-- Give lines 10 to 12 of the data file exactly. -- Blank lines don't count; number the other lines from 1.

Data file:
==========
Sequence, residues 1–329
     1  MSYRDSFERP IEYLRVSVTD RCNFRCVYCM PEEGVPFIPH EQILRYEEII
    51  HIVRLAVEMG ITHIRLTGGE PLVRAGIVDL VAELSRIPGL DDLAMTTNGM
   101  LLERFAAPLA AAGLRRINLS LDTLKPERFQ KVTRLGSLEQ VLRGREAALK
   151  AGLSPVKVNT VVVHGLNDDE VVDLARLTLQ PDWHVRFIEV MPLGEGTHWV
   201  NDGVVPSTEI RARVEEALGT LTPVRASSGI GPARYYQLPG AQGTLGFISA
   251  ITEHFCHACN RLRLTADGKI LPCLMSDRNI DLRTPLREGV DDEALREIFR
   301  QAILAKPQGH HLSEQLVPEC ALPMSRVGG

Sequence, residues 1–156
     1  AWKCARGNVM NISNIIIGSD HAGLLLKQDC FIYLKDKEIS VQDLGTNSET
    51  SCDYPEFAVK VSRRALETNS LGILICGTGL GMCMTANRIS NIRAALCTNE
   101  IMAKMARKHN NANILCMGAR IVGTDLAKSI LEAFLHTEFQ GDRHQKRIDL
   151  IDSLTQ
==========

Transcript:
     1  AWKCARGNVM NISNIIIGSD HAGLLLKQDC FIYLKDKEIS VQDLGTNSET
    51  SCDYPEFAVK VSRRALETNS LGILICGTGL GMCMTANRIS NIRAALCTNE
   101  IMAKMARKHN NANILCMGAR IVGTDLAKSI LEAFLHTEFQ GDRHQKRIDL